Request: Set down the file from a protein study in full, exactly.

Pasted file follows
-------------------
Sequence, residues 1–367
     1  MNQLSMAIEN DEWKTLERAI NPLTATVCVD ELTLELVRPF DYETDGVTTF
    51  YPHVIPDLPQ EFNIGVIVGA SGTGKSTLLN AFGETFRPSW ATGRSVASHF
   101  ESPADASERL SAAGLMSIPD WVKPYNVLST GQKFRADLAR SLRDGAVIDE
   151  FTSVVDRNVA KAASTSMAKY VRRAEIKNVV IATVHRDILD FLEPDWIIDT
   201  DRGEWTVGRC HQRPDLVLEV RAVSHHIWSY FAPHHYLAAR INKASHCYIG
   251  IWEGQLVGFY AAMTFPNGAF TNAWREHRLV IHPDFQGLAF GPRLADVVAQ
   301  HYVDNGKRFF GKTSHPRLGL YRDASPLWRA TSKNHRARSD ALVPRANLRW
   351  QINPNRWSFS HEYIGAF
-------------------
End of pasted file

Sequence, residues 1–367
     1  MNQLSMAIEN DEWKTLERAI NPLTATVCVD ELTLELVRPF DYETDGVTTF
    51  YPHVIPDLPQ EFNIGVIVGA SGTGKSTLLN AFGETFRPSW ATGRSVASHF
   101  ESPADASERL SAAGLMSIPD WVKPYNVLST GQKFRADLAR SLRDGAVIDE
   151  FTSVVDRNVA KAASTSMAKY VRRAEIKNVV IATVHRDILD FLEPDWIIDT
   201  DRGEWTVGRC HQRPDLVLEV RAVSHHIWSY FAPHHYLAAR INKASHCYIG
   251  IWEGQLVGFY AAMTFPNGAF TNAWREHRLV IHPDFQGLAF GPRLADVVAQ
   301  HYVDNGKRFF GKTSHPRLGL YRDASPLWRA TSKNHRARSD ALVPRANLRW
   351  QINPNRWSFS HEYIGAF